posted on Jun, 25 2017 @ 03:31 AM
a reply to: randyvs
Hail is created within supercell storm clouds. These have really strong updraughts and downdraughts that feed the 'snowflake like' ice crystals around
and around in cycles.
These cyles occur entirely at altitudes where the temperature is below freezing. The ice crystal structures grow larger and colder but are very
filamentous and light like super light, super low density, snowflakes, but bigger, less dense and more 'clumpy'.
Towards the top of the supercell, the ice/air structure becomes very cold. Not only the ice crystals but also the air trapped inside becomes
supercooled and this is then cycled back down. When at the bottom of the supercell, these ultra cold structures stick to each other and also
crystallize more ice.
If the updraught is strong enough, it takes the structure back up to cool more, becoming larger and larger with each circuit, but at some stage, the
mass of the ice/air clump falls away from the supercell cycle and falls.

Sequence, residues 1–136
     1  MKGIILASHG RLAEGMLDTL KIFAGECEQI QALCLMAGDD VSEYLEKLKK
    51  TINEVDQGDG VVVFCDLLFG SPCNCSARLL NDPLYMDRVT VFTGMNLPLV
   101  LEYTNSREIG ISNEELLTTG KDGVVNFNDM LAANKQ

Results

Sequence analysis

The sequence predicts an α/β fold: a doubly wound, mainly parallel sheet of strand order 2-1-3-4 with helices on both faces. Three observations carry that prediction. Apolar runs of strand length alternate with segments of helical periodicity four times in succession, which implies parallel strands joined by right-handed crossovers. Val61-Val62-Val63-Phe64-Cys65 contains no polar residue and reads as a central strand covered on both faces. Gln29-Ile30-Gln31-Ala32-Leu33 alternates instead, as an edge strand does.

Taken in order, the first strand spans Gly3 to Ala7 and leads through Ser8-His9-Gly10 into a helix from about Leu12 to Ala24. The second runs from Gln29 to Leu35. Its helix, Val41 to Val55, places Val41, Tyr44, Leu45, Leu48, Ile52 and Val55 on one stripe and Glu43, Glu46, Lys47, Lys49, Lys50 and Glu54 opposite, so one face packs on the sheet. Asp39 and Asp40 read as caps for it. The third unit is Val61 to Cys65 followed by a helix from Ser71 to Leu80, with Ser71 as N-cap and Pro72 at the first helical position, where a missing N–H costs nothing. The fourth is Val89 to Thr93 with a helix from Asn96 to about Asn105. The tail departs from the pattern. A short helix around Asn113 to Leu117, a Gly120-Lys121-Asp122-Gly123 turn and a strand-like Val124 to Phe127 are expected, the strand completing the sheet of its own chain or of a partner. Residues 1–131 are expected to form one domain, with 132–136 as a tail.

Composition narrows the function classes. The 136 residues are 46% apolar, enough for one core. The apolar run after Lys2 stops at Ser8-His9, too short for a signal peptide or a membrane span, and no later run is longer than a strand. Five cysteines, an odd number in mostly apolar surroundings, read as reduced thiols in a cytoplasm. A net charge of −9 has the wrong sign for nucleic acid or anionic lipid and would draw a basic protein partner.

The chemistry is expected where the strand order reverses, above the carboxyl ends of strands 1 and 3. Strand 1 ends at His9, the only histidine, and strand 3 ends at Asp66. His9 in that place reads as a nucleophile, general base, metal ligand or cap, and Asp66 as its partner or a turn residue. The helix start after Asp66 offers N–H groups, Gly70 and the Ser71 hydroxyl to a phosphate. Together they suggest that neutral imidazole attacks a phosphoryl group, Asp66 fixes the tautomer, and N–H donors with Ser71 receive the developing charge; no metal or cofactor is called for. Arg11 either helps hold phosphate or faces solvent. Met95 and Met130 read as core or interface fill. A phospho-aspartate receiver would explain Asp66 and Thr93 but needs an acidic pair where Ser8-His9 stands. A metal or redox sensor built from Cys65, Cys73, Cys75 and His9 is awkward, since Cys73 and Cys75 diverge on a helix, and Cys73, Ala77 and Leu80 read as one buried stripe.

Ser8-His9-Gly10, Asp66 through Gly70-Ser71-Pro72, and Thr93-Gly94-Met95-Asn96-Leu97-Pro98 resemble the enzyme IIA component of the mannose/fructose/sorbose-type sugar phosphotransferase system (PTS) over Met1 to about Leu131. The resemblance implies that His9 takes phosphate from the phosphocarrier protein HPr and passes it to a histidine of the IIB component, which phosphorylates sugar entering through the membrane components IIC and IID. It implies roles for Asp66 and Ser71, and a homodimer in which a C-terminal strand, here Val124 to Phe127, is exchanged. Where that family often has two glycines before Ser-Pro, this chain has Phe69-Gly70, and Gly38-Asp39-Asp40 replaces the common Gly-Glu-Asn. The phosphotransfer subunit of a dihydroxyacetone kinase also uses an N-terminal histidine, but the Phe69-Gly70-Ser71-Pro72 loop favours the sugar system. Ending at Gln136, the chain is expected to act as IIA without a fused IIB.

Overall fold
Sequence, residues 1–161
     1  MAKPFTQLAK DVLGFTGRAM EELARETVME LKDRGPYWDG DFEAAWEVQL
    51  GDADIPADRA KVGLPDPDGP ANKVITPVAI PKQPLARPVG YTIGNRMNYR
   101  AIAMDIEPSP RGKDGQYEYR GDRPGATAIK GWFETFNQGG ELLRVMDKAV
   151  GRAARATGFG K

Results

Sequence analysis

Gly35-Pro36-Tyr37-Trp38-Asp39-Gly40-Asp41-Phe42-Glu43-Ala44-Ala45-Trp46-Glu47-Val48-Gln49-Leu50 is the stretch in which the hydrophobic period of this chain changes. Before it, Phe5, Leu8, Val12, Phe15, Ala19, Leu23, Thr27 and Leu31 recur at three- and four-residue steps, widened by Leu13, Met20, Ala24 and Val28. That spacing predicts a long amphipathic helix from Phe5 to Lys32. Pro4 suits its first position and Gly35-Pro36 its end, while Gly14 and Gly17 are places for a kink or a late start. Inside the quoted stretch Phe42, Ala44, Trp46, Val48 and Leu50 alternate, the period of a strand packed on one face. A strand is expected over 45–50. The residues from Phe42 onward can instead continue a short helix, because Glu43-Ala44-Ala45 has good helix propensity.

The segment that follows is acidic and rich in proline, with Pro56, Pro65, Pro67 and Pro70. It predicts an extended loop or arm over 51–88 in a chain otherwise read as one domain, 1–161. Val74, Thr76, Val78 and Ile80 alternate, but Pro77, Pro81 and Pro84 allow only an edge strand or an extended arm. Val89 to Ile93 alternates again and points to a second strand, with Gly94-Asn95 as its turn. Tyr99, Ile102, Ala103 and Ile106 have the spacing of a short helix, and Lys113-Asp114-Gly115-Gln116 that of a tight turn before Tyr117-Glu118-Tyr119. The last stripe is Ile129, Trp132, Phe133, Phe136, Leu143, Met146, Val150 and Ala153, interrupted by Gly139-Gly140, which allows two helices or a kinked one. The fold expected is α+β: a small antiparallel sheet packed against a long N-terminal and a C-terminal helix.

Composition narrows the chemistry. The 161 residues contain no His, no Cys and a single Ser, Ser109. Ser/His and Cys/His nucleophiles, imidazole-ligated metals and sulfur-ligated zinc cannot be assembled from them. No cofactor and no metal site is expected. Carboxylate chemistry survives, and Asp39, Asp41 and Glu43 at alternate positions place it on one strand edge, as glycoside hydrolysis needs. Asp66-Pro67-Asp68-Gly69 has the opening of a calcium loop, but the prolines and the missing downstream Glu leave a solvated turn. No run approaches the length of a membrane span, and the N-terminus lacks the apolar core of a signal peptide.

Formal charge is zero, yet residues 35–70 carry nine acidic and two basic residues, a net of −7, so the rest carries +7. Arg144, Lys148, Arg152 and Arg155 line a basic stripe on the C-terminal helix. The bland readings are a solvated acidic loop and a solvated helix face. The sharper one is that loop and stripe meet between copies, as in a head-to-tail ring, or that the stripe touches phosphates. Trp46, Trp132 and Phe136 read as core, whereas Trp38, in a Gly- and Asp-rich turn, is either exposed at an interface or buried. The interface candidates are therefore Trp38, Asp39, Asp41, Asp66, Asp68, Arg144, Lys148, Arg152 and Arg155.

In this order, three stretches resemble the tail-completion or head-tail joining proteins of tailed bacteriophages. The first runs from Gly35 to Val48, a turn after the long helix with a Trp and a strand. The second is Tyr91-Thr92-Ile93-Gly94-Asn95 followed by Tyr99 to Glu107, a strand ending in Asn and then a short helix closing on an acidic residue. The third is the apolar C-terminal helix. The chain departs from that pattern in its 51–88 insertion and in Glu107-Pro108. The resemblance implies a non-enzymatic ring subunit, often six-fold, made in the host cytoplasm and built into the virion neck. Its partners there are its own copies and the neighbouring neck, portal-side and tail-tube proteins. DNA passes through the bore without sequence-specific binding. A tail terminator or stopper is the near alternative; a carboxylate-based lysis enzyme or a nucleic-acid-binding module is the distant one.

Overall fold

On the way down, the outer parts of the ice/air clump liquefy briefly, condensing on the super cold core. The outermost layer stays liquid but the
inner layers are cold enough to re-freeze the liquid water. Additionally the ultra cold clump condenses extra water from the warmer lower atmosphere,
building up the bulk of what rapidly becomes a ball of ice, as it falls.
Strangely enough, it is those ultra hot conditions at ground level, that usually cause the most powerful supercell storm clouds.
After heatwave days while I was living in Sydney Australia you'd get these supercell clouds that had an intensely greenish colour and most times, the
rain would include hail. The more intensely green the clouds, the more likely big hail.